The Johnson government will certainly leave a worrying legacy in the way that it has shamelessly broken norms and violated conventions, making it easier for those who come next to do the same and go further. Britain might therefore be more vulnerable to future capture if a more organised captor group were to gain power. Once you’ve made these kinds of changes to checks and balances, it’s very easy for a narrow interest group to become dominant and to abuse its power to serve itself to the exclusion of others. And once such a group has converted political power into economic power, it’s very difficult to turn back that process.
Another way of looking at it though is to consider how the recent developments have already been underpinned and facilitated by changes in the way that government functions over previous decades. There is an increasingly close relationship between business and politics, and in particular, a few large businesses seem to have considerable influence.
Large donations explicitly buy access to the ear of ministers in today’s Britain as well as to honours and peerages, and party finance reform, while long overdue, is going nowhere. The revolving door between public and private roles is well oiled and still barely regulated, despite repeated calls for tougher rules. We have seen that many MPs have very lucrative and time-consuming second jobs, and cases like the Paterson affair reveal the risks that this brings in terms of improper influence. And the extensive use of consultants in government gives a few large businesses considerable opportunities for influence over the implementation of large swathes of public spending in a world where so much public service provision is outsourced.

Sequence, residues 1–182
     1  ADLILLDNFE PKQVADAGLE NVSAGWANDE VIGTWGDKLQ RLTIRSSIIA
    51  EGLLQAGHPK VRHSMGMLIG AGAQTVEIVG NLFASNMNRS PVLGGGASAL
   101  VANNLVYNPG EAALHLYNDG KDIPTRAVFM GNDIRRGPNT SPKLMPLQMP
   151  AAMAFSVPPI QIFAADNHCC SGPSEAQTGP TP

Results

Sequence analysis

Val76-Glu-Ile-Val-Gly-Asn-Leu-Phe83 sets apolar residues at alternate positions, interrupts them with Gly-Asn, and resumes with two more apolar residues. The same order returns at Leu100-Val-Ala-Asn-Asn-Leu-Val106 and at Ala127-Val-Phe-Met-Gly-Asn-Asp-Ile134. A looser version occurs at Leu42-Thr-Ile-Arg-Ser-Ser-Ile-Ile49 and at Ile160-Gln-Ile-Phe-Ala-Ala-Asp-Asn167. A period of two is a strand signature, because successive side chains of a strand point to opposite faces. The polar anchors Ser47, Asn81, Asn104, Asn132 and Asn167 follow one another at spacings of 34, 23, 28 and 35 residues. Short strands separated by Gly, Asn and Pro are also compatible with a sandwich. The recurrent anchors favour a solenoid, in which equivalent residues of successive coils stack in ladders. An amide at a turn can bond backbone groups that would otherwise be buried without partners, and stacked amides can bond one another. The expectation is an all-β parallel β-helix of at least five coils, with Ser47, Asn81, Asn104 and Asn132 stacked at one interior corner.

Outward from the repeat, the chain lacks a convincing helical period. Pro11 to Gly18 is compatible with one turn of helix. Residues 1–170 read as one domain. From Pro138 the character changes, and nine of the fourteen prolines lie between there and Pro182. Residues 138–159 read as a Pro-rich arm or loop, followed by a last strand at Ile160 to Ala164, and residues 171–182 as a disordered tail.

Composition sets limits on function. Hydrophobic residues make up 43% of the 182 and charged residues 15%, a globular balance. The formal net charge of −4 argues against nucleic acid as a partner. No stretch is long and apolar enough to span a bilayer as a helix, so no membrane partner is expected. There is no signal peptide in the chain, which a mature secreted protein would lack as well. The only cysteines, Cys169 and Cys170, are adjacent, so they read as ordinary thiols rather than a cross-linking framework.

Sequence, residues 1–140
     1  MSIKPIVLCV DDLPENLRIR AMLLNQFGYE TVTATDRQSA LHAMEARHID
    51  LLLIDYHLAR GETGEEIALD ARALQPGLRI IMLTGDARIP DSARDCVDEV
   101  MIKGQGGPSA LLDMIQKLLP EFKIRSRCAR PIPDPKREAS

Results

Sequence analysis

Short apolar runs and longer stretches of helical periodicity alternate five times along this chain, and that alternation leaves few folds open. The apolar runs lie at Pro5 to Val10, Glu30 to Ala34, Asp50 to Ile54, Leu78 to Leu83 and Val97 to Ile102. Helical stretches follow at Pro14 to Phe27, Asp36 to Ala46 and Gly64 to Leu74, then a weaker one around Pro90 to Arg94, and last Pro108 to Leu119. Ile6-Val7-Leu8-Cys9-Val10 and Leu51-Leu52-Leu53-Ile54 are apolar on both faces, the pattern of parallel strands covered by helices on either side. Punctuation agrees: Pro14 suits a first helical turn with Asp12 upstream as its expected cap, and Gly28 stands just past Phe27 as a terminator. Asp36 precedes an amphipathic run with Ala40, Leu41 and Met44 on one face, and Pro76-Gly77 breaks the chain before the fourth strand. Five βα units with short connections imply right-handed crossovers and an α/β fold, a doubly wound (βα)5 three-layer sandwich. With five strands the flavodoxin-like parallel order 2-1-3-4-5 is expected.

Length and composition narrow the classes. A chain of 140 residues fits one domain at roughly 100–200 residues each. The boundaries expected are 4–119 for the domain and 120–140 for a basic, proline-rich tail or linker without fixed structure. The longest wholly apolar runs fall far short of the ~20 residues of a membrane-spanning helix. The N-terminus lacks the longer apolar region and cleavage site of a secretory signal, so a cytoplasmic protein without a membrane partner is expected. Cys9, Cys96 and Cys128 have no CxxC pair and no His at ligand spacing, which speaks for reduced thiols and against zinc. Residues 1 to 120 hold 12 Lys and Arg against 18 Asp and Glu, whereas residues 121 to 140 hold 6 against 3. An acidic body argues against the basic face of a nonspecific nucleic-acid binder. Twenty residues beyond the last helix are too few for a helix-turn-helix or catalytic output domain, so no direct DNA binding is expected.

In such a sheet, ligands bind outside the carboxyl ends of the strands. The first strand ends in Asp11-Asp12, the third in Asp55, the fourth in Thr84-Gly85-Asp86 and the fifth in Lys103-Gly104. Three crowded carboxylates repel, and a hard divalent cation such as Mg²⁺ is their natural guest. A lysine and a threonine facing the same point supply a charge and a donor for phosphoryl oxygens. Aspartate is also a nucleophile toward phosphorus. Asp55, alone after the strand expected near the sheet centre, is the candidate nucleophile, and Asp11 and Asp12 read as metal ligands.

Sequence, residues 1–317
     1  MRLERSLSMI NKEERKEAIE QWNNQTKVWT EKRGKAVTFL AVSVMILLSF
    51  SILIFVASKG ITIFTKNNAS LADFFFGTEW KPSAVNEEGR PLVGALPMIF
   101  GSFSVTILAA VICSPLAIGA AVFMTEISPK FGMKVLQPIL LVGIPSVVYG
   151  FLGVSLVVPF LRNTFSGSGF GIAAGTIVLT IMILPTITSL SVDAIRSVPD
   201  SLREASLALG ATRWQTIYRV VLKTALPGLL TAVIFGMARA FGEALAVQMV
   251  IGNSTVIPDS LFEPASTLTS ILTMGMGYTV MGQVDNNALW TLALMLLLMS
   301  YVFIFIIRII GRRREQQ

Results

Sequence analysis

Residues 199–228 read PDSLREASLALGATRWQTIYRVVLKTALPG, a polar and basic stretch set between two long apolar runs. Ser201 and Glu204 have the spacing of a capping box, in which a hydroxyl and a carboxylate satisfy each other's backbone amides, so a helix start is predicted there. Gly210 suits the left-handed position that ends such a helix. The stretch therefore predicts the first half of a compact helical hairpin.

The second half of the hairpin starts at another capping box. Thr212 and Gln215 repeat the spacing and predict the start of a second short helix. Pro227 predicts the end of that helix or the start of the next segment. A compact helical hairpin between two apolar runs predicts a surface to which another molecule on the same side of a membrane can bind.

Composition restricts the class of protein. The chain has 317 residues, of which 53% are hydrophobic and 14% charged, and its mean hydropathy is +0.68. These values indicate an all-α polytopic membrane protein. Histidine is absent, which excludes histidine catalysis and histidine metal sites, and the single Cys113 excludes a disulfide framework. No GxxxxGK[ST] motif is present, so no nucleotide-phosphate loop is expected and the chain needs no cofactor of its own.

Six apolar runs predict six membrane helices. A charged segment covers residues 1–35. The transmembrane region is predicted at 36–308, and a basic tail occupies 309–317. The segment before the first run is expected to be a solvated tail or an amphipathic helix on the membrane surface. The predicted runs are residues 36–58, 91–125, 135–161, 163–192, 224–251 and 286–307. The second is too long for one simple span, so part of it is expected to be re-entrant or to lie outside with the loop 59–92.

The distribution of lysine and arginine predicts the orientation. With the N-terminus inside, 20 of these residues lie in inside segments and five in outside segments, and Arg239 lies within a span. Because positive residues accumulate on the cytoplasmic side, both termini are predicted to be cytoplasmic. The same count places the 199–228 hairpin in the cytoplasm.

Thinking back to post-Soviet Russia, an academic called Janine Wedel described how in those Wild West times there were many institutional nomads – these were individuals who strategically moved between public-sector and private-sector roles, depending on where they could best access advantages. By surfing on the rules applying to different sectors in this way, they effectively operated in a world where able either to influence the rules or to make themselves immune to them by shifting their shape. They effectively existed above and outside legal and regulatory frameworks.
Seen from this perspective, Britain is a state that is becoming more vulnerable to capture. It is far from a post-Soviet-style oligarchy and nowhere near the illiberal democracy of Hungary under Orbán. But the institutional protections against capture are becoming weaker, and the underlying conditions of blurred lines between business and politics are definitely there. We have a tendency to see corruption and bribery as something that only happens in poor countries, but that is a kind of Orientalism.
There was a time when Hungary was regarded as the frontrunner of democratisation in Eastern Europe. It was known for the way that the end of communism and the new constitutional set-up had been calmly negotiated, for having had several peaceful changes of power, for having opened up its economy to investment in a way that seemed destined to entrench integration into a liberal market model.
In Britain, let’s not assume that we are somehow immune to this kind of slide. Let’s shore up the checks and balances on executive power, and let’s do a better job of policing conflicts of interest between business and politics. I used to see democratisation as a journey from A to B, but I’ve come to realise that it’s more like trying to climb a hill in a creaking carriage. You might make it to the top, but you’re always at risk of sliding back down the hill. And once the carriage starts sliding, it is quite literally an uphill struggle to push it back. But it’s critical that we stop it from gaining momentum.
Liz David-Barrett is Professor of Governance and Integrity at the University of Sussex where she is also Director of the Centre for the Study of Corruption.
The keynote speech above was delivered at The Constitution Society’s conference ‘Executive Power and the UK Constitution’. You can listen back to Liz’s speech, and all the other panels from the conference, here or here.
An updated version of this talk will be published by Renewal in summer 2022.
The Constitution Society is committed to the promotion of informed debate and is politically impartial. Any views expressed in this article are the personal views of the author and not those of The Constitution Society.